Tims plans to ‘supercharge’ its advertising

If it feels like you’re seeing a lot of Tim Hortons advertising these days, you could be seeing even more in the months ahead. The company announced this week that it plans to boost its ad spend as part of a larger $80 million investment to help build the brand.

Tims says it will use the money to “supercharge” advertising highlighting menu improvements, as well as the continued enhancement of what it called the “digital guest experience,” most notably the Tims Rewards program.

In a release, the coffee chain said the investment will provide a “substantial increase” in advertising through the rest of the year, “all intended to highlight taste and quality, great value for money and continuing to strengthen the love that Canadians have for the Tim Hortons brand.”

The company has said that 2021 will be all about the “Back to Basics” approach it first announced in 2020, with an emphasis on core menu items like coffee, doughnuts and breakfast.

This year has already seen the introduction of a revamped dark roast coffee, Craveables lunch sandwiches and the replacement of the omelette-style egg patty in its breakfast sandwiches with freshly cracked eggs. The corporate investment will support awareness of these launches, the company said.

The incorporation of freshly cracked eggs in its breakfast menu has been one of Tims’ main advertising pushes in recent weeks, which has led to some playful chiding from McDonald’s Canada, one of Tims’ main breakfast competitors.

It started with McDonald’s changing its Twitter bio to read “Servin’ freshly cracked eggs since 1976,” followed by a March 8 tweet reading “Which came first…the Breakfast Sandwich or the Freshly Cracked Egg?” accompanied by a thoughtful emoji and the message “LOL jk glad we solved that dilemma in 1976.”


At the same time, a vocal contingent of Canadians are speaking out against the new eggs, even launching a Change.org petition called “Bring Back the Tims Egg Patty,” which refers to the new eggs as “freshly cracked mutiny” and calls them “gross, rubbery, and stringy.” To date, it has amassed more than 5,500 signatures.

The breakfast sandwich market has emerged as a significant battleground for QSRs in recent years, with a 2019 report by NPD Group pegging annual sales in Canada at $700 million. The report noted that QSRs have contributed to this growth through the continued introduction of new sandwiches and “innovative spin-offs,” including wraps, bagels and pastries.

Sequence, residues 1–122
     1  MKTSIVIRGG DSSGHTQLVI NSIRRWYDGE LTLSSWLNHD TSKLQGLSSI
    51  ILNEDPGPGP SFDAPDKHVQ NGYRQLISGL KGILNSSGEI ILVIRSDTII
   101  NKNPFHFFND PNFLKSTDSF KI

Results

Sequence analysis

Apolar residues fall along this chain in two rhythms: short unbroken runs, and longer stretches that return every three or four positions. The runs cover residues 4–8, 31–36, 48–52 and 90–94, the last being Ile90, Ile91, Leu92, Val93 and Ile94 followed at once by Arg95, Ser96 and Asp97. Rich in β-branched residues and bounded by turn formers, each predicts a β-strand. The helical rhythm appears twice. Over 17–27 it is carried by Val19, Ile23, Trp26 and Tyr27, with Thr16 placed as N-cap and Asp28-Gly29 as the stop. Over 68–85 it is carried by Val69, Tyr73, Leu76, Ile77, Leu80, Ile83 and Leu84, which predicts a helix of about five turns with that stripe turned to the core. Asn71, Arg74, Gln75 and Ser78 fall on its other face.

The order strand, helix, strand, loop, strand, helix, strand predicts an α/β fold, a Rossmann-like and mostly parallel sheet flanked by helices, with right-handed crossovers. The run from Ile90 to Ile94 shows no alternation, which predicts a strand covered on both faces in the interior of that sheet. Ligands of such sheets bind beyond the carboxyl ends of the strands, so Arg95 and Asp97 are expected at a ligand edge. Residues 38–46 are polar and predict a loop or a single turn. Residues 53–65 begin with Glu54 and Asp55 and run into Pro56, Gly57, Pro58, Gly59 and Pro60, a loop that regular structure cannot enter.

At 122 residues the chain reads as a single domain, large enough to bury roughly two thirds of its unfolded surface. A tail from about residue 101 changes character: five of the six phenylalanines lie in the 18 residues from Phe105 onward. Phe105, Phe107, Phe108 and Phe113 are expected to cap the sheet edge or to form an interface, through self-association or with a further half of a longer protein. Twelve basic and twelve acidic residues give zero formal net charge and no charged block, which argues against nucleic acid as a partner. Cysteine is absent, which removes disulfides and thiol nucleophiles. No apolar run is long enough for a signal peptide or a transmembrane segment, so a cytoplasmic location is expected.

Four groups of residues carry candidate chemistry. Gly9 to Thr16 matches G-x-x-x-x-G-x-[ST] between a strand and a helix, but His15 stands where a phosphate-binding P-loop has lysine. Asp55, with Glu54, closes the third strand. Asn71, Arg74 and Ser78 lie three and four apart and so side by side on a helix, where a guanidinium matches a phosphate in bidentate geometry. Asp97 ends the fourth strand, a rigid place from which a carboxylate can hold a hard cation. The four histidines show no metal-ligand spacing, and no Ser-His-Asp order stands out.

Despite the pro-patty pushback, Tims president Axel Schwan said the company is seeing “meaningful sales contributions” from breakfast sandwiches, and that the company continues to see improvements in overall brand perception. In a release, Schwan noted that guest satisfaction has “grown significantly” as the company has worked to simplify and improve the quality of menu items and improve speed of service.

Tim Hortons ranked sixth overall on the 2020 BrandZ ranking of the top 40 most valuable Canadian brands, with a brand value of US$6.7 billion. It also ranked first on the report’s Brand Contribution scale, which measures the influence of brand alone on its financial value.

The company also plans to increase advertising contributions by its restaurant owners by 0.5% of sales, which it says will lead to a “sustained, increased level of investment,” in advertising, community and digital initiatives in 2022 and beyond.

Tim Hortons has been increasingly with working Miami-based creative agency Gut for its advertising, with the agency opening a new Toronto office this month. Gut has produced acclaimed—and slightly edgy—work for Burger King, Tims’ sister company in Restaurant Brands International, that is starkly different to the Canadiana-heavy approach that has long characterized Tims’ marketing.

The pandemic and the lockdown had a significantly detrimental effect on Tim Hortons’ operations last year, with its 4,949 locations reporting system-wide sales of US$5.5 billion for the year ending Dec. 31, down from US$6.7 billion in the previous year.

At the same time, Tims continues to see growth within its digital portfolio. The company says that monthly active users of its app have grown five-fold since its 2018 launch, with about one-third of all Canadian adults using the Tims Rewards loyalty program in the past 18 months. Tims said that the investment will support Tims Rewards as well as other “strategic digital initiatives.”

“The efforts behind our Back to Basics plan are starting to deliver results,” said Restaurant Brands International CEO Jose Cil in the release. “The plan focuses on building an experienced, talented and stable leadership team, investing in product quality, becoming an industry leader in the digital guest experience, delivering great value for money, and continuing to build our strong, iconic brand in communities across Canada.”

Chris Powell